Meet the Member Meadow Burns
story by Lindsay Humphrey It’s been a long time coming, but Meadow Burns is finally competing in the OHSRA. It’s both her first and last […]
story by Lindsay Humphrey
With her sights set on the sky, Hattie Haynes has big plans for herself after graduating from Hydro-Eakly Public Schools last month. “I’m going to rodeo for Vernon College in Vernon, Texas, for two years while I get my associates degree in business,” said the 18-year-old senior. “Then I’ll go to a four-year university where I can finish out my goat tying career and continue breakaway roping. Then I hope I can rodeo professionally.” This summer Hattie will be working on her private pilot’s license at the Will Barger Airport in Vernon. “Once I have earned my private license, my goal is to continue pursuing my professional license to become a commercial pilot.”
As a top contender in the goat tying, Hattie is used to flying at fast speeds. She’s loved the event for as long as she can remember. “My mom (Ddee) always tells the story that I would put the goat dummy at the end of a hallway, and I’d run down there and tie it as fast as I could when I was 3.” Hattie can’t remember a time when goat tying wasn’t her favorite. The event has given Hattie unique opportunities to grow her heart of service in the last few years. “My dad (Mitchell) sells a line of horse savers and we took one to Little Britches Nationals in 2019 when the owner of Next Level Goat Tying Clinics wanted to use one for a demo. I helped her by pulling the horse saver during the clinic.” Hattie’s visited multiple states while helping with other Next Level clinics.
“I really enjoy getting to help other competitors, especially the younger, up and comers because I know how much I appreciated the people who did that for me and how much they influenced me.” One of those influences was Hattie’s sister, 31-year-old Melissa. “Even before I could rodeo, I was at one every weekend with my sister. I’ve been around horses since I came home from the hospital. I fell in love with the sport of rodeo since day one and it’s what I’ve always wanted to do.” Hattie has led the goat tying for a majority of her senior season and it all began at the first rodeo of the year. Tying in a 6.5 not only won that first rodeo, but it also set the arena record at Inola. It was Hattie’s favorite run of her rodeo career so far.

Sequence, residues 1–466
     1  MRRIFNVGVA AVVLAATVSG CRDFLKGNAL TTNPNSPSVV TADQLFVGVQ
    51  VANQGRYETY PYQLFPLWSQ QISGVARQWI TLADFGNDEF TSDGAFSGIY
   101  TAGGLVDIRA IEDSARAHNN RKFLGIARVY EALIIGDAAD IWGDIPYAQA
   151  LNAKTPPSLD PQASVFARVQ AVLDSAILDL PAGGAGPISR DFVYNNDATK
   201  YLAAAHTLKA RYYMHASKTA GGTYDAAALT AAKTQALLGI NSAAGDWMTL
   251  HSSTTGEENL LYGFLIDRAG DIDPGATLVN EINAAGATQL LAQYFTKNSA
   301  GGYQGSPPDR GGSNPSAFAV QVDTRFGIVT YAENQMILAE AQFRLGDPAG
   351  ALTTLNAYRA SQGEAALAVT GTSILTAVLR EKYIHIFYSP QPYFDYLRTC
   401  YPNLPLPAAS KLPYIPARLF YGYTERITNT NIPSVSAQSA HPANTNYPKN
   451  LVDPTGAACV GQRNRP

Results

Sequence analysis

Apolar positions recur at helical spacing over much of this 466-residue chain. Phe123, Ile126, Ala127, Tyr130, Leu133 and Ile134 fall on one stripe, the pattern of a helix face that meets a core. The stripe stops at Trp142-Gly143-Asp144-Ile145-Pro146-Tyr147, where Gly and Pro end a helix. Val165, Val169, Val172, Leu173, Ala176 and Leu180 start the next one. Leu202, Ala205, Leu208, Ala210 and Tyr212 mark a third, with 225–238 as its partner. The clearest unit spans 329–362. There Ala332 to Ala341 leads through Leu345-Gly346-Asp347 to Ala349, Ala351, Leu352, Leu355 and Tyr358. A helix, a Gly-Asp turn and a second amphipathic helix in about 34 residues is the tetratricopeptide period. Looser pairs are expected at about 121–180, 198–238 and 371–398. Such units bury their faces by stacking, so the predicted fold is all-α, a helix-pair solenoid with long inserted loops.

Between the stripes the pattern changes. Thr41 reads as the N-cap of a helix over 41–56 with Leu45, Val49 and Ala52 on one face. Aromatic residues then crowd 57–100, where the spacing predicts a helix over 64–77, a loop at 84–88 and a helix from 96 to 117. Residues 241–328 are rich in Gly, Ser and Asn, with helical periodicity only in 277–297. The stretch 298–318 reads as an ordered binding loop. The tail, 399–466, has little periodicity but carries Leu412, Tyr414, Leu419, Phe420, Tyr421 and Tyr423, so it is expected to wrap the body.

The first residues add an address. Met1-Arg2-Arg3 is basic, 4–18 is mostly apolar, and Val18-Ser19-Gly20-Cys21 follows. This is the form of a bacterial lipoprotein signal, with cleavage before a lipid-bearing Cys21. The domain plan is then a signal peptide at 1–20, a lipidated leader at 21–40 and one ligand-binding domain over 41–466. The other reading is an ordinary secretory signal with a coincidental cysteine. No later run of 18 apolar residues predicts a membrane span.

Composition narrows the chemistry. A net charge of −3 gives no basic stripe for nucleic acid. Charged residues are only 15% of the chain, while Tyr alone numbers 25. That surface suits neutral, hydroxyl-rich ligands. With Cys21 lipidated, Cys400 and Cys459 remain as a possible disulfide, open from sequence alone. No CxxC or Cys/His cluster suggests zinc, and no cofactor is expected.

Rodeo is a sport passed down through the generations for Hattie’s family. Her mom ran barrels and team roped while her dad was a professional bareback rider, but Hattie took a slight detour when finding her passion for the toughest sport on dirt. “I rode hunter jumpers for a few years. I started when I was 7 and then quit when I was 10, because it got too hard to do both. I had to choose between rodeo and jumping, and I’ve always known that I made the right choice with rodeo.” Luckily, Hattie has built-in coaches at home with her parents, but she’s also had some other influences on her career. “Amy Maynard has helped me a ton. She’s the one that got me started in goat tying and set my foundation. Dusta Kimzey has also been a big help for me. The horse I ride now I bought from her.”
No matter if Hattie’s at home or in front of a crowd, she never forgets that she’s a representative of the sport, her family name and, as a Christian, for God. “I always try to remember that even if things don’t go my way, I still need present myself well. One thing that’s really big for my family is that we always pray together before every rodeo. No matter how things go for me, I always give the glory to God.”
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